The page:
Meredith at a recent school visit.

Alyssa, what are some trends you find encouraging in the current market?

Trends change so quickly that I fear if I named any, they’d be over by the time this gets published! That said, I do find that editors are eager to find deeply honest and authentic books. People are willing to talk about hard topics more than they were twenty years ago. Whether the book centers around mental health, food insecurity, or simply has a telling style that’s more suited to a reluctant reader, I think the industry is trying to meet kids where they are.

Alyssa, you opened your own agency in 2021. Could you speak to the advantages of working with an agent from a small agency?

I think authors and agents have to connect on a profound, creative level. Ideally, they also share a sensibility for how business should be conducted. My work style is exactly the same now as it was when I worked at a large agency. The only difference is now I outsource taxes, legal and foreign rights to external colleagues rather than have in-house colleagues manage those.

Meredith, what are you working on next?

Book Two, The Minor Rescue is off to copyediting as I write this, and I’m beginning to plan marketing for The Minor Miracle, which releases May 7th.

When I’m not working on Noah Minor books, I’m working on a few picture books, one a collaboration. I’m also returning to another middle grade I first dreamed up at least twenty years ago. It’s been through many, many iterations, but after going through so many big rounds of edits I’m ready to approach that project with fresh eyes and the ability to cut and reimagine it. I love how each project informs the next.

Cynsational Notes

Meredith Davis will be in conversation with author Cynthia Leitich Smith for an in-person event at 4 p.m. on May 25 at BookPeople in Austin, Texas, to celebrate The Minor Miracle: The Amazing Adventures of Noah Minor.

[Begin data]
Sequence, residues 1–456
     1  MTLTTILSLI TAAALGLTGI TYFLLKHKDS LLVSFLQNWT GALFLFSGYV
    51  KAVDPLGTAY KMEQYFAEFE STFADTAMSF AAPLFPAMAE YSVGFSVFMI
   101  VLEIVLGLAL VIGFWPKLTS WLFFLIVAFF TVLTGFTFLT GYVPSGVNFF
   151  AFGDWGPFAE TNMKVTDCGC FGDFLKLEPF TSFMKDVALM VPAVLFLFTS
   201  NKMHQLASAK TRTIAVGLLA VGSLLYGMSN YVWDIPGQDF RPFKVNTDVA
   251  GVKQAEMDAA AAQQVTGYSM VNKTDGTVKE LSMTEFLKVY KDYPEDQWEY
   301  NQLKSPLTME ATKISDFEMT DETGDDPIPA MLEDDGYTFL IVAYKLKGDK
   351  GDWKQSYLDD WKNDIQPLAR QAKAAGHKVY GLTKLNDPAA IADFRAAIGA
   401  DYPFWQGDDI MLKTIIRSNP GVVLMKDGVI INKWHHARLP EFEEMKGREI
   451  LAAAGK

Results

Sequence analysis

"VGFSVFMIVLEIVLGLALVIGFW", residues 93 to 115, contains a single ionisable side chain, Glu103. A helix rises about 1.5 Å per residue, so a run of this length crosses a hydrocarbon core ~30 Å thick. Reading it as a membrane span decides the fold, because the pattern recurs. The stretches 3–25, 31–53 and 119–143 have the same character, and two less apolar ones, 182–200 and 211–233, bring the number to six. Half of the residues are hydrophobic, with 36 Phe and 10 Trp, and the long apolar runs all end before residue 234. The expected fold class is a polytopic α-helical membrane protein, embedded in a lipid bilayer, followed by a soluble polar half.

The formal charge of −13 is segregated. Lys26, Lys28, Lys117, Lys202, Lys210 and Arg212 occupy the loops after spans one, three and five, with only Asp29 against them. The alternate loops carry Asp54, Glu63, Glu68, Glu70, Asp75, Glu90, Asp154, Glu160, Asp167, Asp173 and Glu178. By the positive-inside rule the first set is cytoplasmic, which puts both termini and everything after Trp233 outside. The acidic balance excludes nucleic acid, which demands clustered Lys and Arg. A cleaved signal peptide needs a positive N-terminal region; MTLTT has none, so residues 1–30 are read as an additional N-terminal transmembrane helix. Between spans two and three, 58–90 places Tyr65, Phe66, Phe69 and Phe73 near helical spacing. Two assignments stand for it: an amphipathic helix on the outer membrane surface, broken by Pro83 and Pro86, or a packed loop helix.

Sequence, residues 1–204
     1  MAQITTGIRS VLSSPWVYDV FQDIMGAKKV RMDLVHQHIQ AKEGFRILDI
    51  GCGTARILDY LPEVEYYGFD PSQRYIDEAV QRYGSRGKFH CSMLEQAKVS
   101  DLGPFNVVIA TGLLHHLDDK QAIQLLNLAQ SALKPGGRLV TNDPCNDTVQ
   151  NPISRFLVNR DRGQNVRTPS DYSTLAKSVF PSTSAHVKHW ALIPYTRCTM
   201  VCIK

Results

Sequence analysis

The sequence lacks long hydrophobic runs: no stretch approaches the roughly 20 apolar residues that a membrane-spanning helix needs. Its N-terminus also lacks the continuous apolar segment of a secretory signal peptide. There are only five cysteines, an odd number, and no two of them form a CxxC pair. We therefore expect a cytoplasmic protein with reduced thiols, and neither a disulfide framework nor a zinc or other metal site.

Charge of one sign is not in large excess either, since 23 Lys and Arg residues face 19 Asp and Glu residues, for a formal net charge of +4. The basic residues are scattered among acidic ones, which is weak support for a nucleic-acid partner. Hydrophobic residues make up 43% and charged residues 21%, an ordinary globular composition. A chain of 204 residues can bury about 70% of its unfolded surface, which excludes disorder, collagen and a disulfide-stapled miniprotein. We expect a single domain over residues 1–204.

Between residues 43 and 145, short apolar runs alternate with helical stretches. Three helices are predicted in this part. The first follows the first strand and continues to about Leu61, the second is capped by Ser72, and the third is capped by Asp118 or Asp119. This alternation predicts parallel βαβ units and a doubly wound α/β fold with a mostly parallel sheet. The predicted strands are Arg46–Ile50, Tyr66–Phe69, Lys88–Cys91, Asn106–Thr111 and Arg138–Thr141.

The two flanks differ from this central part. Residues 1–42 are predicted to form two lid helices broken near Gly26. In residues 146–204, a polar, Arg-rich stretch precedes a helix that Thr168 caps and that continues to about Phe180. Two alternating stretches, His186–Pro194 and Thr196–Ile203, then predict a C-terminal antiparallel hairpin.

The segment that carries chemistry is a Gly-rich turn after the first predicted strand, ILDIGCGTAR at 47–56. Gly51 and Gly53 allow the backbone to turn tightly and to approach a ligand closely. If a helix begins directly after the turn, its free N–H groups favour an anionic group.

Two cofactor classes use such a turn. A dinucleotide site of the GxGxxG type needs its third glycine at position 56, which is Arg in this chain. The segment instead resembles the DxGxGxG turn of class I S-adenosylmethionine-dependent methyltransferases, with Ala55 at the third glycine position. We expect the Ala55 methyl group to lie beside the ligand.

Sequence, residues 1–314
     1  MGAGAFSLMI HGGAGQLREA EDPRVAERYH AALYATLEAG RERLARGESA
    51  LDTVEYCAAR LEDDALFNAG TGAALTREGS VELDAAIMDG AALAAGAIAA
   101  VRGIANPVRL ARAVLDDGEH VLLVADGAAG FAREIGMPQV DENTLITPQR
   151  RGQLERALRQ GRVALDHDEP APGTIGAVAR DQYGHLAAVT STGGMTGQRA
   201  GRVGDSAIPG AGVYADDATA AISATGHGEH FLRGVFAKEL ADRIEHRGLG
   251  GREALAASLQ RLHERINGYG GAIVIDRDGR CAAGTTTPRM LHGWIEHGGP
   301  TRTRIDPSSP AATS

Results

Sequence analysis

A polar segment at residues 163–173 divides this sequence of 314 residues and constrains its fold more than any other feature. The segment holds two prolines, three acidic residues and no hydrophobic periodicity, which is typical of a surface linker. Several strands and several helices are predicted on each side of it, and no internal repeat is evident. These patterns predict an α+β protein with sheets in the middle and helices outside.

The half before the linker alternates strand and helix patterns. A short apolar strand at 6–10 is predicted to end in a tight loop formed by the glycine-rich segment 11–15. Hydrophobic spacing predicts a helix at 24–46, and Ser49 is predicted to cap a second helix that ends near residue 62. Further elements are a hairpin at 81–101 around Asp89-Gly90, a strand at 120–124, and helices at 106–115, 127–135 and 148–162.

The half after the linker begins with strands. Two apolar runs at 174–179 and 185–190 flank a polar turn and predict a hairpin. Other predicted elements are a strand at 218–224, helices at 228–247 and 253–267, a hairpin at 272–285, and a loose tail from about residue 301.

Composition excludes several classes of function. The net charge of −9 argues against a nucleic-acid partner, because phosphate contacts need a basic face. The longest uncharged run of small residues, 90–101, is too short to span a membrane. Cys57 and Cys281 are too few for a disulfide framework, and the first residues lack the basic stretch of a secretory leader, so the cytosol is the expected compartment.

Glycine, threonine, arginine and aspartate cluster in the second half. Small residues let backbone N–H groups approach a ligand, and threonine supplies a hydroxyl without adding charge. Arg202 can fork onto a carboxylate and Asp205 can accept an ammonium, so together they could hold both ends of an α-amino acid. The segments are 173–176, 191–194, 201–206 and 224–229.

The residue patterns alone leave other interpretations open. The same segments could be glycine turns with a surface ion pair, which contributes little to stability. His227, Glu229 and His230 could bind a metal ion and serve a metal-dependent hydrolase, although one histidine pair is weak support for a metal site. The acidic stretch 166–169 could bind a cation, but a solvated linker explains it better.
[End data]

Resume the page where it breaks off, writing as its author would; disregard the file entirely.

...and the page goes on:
Meredith Davis is the author of The Minor Miracle, and a second untitled middle grade book (Waterbrook, 2024/25) and co-author of Her Own Two Feet: A Rwandan Girl’s Brave Fight To Walk (Scholastic, 2019). She once worked at an independent children’s bookstore, started the Austin Chapter of SCBWI, and earned her Masters of Fine Arts in Writing for Children and Young Adults at VCFA. Her superpowers include reading, grandmothering, and finding ways to fit more books in her Austin, Texas home.

Alyssa Eisner Henkin founded Birch Path Literary, a full-service boutique literary agency in 2021. She began her publishing career in children’s editorial at Simon & Schuster Books for Young Readers. She later joined Trident Media Group as a literary agent and was named Executive Vice President. She is proud to represent a stable of bestselling and multi-award authors including Ruth Behar, Julie Berry, Jen Bryant, Lisa Greenwald and R.J. Palacio, whose New York Times bestseller Wonder was turned into a major motion picture and sparked a movement to #choosekind.

Gayleen Rabakukk holds an MFA in Writing for Children and Young Adults from Vermont College of Fine Arts and an undergraduate degree in Journalism from the University of Central Oklahoma. She has published numerous newspaper and magazine articles, and two regional interest books for adults.

She serves as board member for Lago Vista’s Friends of the Library and also leads a book club for young readers at the library. She’s active in Austin SCBWI and has taught creative writing workshops for the Austin Public Library Foundation. She loves inspiring curiosity in young readers through stories of hope and adventure. Follow her on Instagram and Twitter.